13 October 2011

Nigeria: Abdulmutallab - Yes, I'm Guilty

Photo: ThisDay
A file photo of Umar Farouk Abdulmutallab, released by U.S. officials.

New York and Lagos — The 24-year-old Nigerian who tried to bring down a United States-bound Northwest Airlines Flight 253 from the Netherlands, on December 25, 2009, Umar Farouk Abdulmutallab, yesterday told a US Federal High Court "I am guilty" of the act.

After making the plea, it became obvious that he will be jailed for life and US District Judge Nancy Edmunds fixed January 12, 2012 for the sentencing.

Abdulmutallab took the court by surprise when he said, in apparent justification of his action that he tried to bring down the airplane over Detroit with a bomb in his underwear, as retaliation for the killing of Muslims worldwide.

The Nigerian, who had never denied the accusations against him, calmly answered questions from Judge Edmunds before pleading guilty to all eight charges he faced, including conspiracy to commit terrorism and attempted use of a weapon of mass destruction, Chicago Sun Times reported.

He then told the court that the underwear bomb was a "blessed weapon to save the lives of innocent Muslims".

"The United States should be warned that if they continue to persist and promote the blasphemy of Mohammed and the prophets... the United States should await a great calamity that will befall them through the hands of the mujahedeen soon," said Abdulmutallab.

"If you laugh with us now, we will laugh with you later on the day of judgment," he said.

Outside the court, Defence Attorney Anthony Chambers said Abdulmutallab, who had chosen to represent himself and was being assisted by Chambers, pleaded guilty against the lawyer's wishes.

"We wanted to continue the trial but we respect his decision," Chambers said.

Abdulmutallab, who told the judge he is 25, said he carried a bomb in his underwear onto Northwest Airlines Flight 253 on Christmas 2009 with the intention of killing the nearly 300 people on board.

The bomb didn't work, and passengers jumped on Abdulmutallab when they saw smoke and fire.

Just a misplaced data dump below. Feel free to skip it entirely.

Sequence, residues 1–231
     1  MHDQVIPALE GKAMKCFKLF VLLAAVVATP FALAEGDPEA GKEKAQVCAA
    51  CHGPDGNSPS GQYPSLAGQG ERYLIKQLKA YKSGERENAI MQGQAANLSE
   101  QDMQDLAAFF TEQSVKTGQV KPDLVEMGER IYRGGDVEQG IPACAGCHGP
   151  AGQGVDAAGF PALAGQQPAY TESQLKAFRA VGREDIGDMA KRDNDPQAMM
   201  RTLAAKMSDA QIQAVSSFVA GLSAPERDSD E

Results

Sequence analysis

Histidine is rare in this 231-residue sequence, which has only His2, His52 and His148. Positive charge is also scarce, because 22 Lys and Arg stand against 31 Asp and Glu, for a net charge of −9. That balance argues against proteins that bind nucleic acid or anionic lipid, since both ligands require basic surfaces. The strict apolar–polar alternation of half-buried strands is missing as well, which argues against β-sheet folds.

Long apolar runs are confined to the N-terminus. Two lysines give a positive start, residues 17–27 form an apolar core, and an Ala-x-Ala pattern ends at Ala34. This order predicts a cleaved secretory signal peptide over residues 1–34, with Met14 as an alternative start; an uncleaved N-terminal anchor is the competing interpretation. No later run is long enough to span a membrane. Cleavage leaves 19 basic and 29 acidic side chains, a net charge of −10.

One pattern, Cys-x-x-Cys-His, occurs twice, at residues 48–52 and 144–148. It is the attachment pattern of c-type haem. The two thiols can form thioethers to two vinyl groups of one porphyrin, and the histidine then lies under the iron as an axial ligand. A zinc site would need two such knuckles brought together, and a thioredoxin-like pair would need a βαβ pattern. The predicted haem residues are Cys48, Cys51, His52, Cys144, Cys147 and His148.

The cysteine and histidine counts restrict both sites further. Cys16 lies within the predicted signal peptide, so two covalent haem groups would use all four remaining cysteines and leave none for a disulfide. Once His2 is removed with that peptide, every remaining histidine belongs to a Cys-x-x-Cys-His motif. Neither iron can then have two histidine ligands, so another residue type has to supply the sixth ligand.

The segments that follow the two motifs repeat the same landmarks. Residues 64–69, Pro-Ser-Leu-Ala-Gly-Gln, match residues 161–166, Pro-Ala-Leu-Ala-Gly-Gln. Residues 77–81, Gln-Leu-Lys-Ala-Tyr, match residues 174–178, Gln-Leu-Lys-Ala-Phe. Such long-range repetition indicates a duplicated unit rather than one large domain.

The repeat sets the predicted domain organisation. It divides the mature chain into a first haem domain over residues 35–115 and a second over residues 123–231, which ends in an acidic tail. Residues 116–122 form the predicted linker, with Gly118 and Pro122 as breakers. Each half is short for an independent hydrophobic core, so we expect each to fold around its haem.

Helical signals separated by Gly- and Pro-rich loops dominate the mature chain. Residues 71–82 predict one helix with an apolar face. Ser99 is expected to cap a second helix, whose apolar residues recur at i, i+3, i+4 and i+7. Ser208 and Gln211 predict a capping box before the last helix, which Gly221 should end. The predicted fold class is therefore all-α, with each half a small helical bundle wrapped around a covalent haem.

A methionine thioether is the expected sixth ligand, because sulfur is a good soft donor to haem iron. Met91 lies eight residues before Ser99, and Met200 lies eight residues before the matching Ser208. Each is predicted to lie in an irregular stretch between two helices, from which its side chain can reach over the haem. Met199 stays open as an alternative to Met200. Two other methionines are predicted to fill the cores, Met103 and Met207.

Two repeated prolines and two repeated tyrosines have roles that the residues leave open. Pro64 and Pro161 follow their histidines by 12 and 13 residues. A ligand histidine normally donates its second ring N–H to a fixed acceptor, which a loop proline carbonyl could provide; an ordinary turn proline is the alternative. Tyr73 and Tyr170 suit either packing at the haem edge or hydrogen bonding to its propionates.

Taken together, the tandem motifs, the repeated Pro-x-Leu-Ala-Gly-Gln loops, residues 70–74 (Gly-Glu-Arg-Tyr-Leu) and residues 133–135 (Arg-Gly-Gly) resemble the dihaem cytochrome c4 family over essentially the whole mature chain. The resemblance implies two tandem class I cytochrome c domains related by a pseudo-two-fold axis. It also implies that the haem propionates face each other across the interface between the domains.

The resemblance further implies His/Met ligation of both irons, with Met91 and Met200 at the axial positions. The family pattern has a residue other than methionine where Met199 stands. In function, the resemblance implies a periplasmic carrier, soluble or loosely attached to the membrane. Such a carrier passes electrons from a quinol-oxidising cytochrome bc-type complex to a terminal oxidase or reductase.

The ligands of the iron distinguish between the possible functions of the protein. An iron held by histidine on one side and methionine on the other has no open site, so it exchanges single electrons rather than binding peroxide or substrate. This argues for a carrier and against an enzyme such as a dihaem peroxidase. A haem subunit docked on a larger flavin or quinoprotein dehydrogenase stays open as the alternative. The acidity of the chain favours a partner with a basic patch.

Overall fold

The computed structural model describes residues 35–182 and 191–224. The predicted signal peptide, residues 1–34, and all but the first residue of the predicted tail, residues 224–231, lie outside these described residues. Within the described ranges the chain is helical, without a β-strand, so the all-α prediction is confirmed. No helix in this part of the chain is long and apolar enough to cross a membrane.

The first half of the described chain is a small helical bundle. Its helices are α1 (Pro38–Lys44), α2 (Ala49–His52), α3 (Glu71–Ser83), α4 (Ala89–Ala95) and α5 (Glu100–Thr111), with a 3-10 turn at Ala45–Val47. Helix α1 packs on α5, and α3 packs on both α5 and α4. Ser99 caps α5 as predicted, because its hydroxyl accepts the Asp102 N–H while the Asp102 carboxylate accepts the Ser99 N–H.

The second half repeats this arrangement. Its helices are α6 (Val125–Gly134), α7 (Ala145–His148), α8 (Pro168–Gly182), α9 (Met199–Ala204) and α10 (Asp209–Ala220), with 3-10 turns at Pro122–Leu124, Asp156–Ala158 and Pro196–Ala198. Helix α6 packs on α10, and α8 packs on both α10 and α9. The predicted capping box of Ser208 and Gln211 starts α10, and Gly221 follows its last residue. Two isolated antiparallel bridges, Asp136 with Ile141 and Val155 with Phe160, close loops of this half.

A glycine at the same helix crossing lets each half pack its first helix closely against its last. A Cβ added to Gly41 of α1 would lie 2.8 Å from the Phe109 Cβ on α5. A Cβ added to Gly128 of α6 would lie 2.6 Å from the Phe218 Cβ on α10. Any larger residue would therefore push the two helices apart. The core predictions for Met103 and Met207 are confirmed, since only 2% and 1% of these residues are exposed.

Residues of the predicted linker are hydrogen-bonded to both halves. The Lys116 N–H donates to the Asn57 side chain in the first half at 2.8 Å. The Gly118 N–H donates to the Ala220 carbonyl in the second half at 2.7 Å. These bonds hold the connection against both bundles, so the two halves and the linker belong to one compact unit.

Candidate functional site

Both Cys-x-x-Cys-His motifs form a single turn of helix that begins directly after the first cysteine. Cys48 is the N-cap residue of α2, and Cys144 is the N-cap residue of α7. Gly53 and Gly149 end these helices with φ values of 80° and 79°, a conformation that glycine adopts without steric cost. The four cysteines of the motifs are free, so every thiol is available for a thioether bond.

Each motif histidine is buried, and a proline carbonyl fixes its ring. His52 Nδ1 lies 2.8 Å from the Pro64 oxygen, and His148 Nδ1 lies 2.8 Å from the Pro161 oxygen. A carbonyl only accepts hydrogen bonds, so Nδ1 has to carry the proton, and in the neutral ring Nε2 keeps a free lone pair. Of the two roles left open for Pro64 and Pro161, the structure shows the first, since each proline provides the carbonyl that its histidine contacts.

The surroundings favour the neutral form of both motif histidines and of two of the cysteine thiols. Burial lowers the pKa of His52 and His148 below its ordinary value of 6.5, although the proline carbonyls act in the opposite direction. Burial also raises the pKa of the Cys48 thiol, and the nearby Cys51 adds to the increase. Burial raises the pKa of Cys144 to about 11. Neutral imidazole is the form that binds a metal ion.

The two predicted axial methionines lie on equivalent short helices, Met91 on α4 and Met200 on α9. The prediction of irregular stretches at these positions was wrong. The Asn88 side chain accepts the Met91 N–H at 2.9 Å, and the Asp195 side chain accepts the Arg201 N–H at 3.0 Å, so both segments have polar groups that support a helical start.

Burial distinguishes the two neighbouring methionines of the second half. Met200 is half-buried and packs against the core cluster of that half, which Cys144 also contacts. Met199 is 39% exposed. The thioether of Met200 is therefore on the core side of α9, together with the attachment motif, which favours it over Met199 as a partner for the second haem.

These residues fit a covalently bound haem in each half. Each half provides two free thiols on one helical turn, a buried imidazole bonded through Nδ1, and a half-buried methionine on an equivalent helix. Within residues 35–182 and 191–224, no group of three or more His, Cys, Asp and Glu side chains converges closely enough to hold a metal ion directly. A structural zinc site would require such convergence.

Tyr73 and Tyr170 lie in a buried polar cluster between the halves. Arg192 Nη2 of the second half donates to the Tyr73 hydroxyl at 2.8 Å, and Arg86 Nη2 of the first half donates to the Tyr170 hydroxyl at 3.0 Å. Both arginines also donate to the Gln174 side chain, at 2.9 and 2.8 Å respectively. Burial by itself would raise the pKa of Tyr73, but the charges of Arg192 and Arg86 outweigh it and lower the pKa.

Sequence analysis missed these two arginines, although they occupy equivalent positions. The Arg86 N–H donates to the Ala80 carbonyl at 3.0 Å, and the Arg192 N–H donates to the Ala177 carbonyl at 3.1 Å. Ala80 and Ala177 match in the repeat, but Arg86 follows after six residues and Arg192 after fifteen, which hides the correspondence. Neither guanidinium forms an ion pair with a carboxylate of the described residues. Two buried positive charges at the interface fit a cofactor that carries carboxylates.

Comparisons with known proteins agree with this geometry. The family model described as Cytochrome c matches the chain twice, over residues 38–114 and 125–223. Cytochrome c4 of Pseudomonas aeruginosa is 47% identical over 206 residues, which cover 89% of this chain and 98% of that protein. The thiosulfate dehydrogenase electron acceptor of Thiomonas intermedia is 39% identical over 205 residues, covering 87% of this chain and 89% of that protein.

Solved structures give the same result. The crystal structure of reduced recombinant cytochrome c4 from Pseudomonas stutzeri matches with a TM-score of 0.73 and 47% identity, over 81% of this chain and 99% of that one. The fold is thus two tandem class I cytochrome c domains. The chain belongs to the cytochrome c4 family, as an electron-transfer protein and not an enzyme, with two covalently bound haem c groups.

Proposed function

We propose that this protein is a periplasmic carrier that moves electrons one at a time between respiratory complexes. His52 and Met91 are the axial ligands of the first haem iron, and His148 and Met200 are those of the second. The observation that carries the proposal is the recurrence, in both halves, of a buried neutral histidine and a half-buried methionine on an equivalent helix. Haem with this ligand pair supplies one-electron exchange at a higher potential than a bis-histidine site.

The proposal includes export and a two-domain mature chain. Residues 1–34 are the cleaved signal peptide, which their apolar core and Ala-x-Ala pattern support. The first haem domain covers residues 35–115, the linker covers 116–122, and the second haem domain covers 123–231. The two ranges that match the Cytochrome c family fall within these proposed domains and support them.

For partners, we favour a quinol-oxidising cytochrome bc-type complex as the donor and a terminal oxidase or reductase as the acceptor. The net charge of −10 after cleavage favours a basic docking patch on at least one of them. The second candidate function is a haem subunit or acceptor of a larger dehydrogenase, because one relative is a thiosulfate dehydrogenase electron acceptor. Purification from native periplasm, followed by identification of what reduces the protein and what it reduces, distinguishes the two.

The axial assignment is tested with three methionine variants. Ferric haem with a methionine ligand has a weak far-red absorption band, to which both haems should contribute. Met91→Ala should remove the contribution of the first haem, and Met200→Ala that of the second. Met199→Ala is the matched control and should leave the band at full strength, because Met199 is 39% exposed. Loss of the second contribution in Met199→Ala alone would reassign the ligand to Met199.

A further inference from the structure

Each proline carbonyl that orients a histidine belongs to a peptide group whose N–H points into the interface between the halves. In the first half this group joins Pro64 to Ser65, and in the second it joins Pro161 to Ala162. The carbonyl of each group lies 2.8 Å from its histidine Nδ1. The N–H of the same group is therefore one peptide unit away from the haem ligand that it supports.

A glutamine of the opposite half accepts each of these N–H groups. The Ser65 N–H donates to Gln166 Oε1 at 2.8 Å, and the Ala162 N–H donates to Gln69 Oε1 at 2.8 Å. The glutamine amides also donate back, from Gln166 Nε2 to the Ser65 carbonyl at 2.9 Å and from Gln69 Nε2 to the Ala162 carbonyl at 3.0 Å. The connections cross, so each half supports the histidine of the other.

The evidence was stacked high. Abdulmutallab was badly burned on a plane full of witnesses. The government said he told FBI agents he was working for al-Qaeda and directed by a radical, American-born Muslim cleric recently killed by the US in Yemen, Anwar al-Awlaki.

There were also photos of his scorched shorts as well as video of Abdulmutallab explaining his suicide mission before departing for the US.

In September 2010, Abdulmutallab suggested he wanted to plead guilty to some charges. But he did not, and instead dropped his four-lawyer, publicly financed defence team and decided to represent himself. He said relying on others was not in his best interest.

His lawyers at the time said they had talked to prosecutors about a possible plea deal. Abdulmutallab had asked the judge what he needed to do to plead guilty to some charges but nothing happened and a trial was set.

Passenger Lori Haskell, 34, of Newport, Michigan, watched Abdulmutallab's plea by video in an overflow room yesterday. She called his statement in court "chilling" but not surprising.

"I'm just really relieved that it's done with," Haskell said.

Abdulmutallab had written a few court filings in his own hand, including a request to be judged by Islamic law. He at times appeared agitated in court, declaring that Osama bin Laden and al-Awlaki are alive. He also objected to trial testimony from experts who would have discussed al-Qaeda and martyrdom.

On Tuesday, a passenger on Flight 253 testified that Abdulmutallab took a long bathroom break in the plane, during which prosecutors said he was preparing for death.

"I thought he was freshening up for arrival in Detroit... We had less than an hour to go," said passenger Mike Zantow of Madison, Wisconsin.

Assistant US Attorney Jonathan Tukel said Abdulmutallab believed his calling that day was martyrdom.

"He was preparing to die and enter heaven," Tukel said. "He purified himself. He washed. He brushed his teeth. He put on perfume."

After returning to his seat, Abdulmutallab pushed a syringe plunger into the chemical bomb, an action that produced a loud "pop" sound, then flames and smoke, the prosecutor said.

"Then all hell broke loose. While the fireball was on him, the defendant sat there. He didn't move. He was expressionless. He was completely blank," Tukel said.

The government said Abdulmutallab willingly explained the plot twice, first to US border officers who took him off the plane and then in more detail to FBI agents who interviewed him at a hospital for 50 minutes, following treatment for serious burns to his groin.

Abdulmutallab told authorities he trained in Yemen, home base for Al-Qaeda in the Arabian Peninsula, and was influenced by al-Awlaki.

Following the strike, a US official outlined new details of al-Awlaki's involvement against the US, including Abdulmutallab's mission. The official, who spoke on condition of anonymity to discuss intelligence matters, said al-Awlaki specifically directed Abdulmutallab to detonate an explosive device over US airspace to maximise casualties.

Officials said al-Awlaki was believed to be at a gathering of al-Qaeda figures in Yemen's Shabwa mountains a day before the attack, after which bin Laden appeared in a video declaring Abdulmutallab a "hero."

Abdulmutallab also has been lauded by al-Qaeda's English-language web magazine Inspire, whose editor was killed along with al-Awlaki.

With Agency Reports

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